Many brands under one roof
Comair has the added challenge of operating many brands under one roof, especially since these brands serve different segments of the market. The SLOW lounge is very clearly a premium offer, while Kulula is more akin to a discount carrier like Southwest Airlines in the US. Without a strong element of cohesion, it would be easy for an organization operating such diverse brands to feel that it had “multiple personalities”, but Comair has avoided this through its uniting purpose statement of “we life you up”. It’s a mantra that permeates all of their brand strategies and operations, including the company culture and employee engagement.
Employee engagement is a huge area of focus for customer-centric brands. As a customer experience professional, I find that my CX strategy advisory work often circles back to team culture and accountability, so it should should come as no surprise that a leading customer-centric travel brand like Comair has employee engagement as a key area of focus. (For more on employee engagement, check out my conversation with Jason Bradshaw, Chief Customer Officer of Volkswagen Australia in episode 12.)
Fostering shareholder support
Comair’s success has been aided by their shareholder support for customer experience. Time and time again, I speak with executives who are struggling to implement CX management due to a lack of shareholder support. Without investor and board-level buy-in CX initiatives will flounder or be sidelined in favor of strategies that deliver short term results (sometimes at the expense of brand integrity or long term customer loyalty). Comair has engaged its shareholders to support CX, and the leadership team has continually made the case for investment in the evolution of Comair’s various customer journeys. Look no further than the organization’s 2018 annual report, which includes just about as much emphasis on customers and other stakeholders as I’ve ever seen. This, alongside financial results that are the proof in the pudding: Comair has an unbroken record of profitability since the company’s inception 71 years ago. It’s an inspiring case study for airline customer experience management.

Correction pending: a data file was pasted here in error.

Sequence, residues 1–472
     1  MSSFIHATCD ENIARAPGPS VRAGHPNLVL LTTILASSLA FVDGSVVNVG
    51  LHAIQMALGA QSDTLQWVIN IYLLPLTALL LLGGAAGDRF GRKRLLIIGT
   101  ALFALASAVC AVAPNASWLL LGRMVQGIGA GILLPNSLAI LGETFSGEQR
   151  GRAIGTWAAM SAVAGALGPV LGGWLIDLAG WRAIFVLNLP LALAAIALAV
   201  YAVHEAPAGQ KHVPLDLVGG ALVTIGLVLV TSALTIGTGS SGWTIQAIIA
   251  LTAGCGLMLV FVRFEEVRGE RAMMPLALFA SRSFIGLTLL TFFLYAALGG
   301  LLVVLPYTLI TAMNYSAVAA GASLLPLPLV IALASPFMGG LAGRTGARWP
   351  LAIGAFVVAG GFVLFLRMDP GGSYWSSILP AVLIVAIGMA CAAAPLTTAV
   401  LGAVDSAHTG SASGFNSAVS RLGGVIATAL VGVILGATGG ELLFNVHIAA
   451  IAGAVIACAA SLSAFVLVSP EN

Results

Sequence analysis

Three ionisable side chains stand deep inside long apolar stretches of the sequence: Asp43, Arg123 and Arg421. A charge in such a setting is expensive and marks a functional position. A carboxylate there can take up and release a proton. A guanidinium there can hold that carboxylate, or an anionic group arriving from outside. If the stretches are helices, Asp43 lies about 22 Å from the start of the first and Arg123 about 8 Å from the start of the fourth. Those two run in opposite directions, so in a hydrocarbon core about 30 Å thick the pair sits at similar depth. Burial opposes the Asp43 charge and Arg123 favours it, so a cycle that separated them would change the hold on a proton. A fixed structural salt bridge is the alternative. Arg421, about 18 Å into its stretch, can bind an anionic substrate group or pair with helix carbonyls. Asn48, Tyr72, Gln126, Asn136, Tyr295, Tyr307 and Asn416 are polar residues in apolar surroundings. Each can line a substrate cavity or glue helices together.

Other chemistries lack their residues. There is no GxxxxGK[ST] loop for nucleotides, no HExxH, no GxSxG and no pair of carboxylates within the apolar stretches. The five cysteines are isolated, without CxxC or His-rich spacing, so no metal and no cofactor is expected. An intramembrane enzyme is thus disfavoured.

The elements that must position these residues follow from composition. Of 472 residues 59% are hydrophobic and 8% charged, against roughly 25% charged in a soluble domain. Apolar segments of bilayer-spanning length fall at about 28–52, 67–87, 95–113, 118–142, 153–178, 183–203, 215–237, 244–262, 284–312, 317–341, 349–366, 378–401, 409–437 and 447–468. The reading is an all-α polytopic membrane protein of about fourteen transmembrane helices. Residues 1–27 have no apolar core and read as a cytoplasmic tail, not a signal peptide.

This episode was sponsored by CX University, a CX training company offering a broad array of CX learning options, including e-learning modules and CCXP practice exams. CXU is an accredited resource and training provider and their resources and they offer a flexible and affordable monthly subscription model. Listeners of this CX podcast can get 10% off their first month’s subscription by entering the discount code PODCAST10 at checkout.
Decoding the Customer is a series of customer experience podcasts created and produced by Julia Ahlfeldt, CCXP. Julia is a customer experience strategist, speaker and business advisor. She is a Certified Customer Experience Professional and one of the top experts in customer experience management. To find out more about how Julia can help your business define customer experience strategy that delivers results, check out her customer experience advisory consulting services or get in touch via email. To hear other episodes of Decoding the Customer, click here.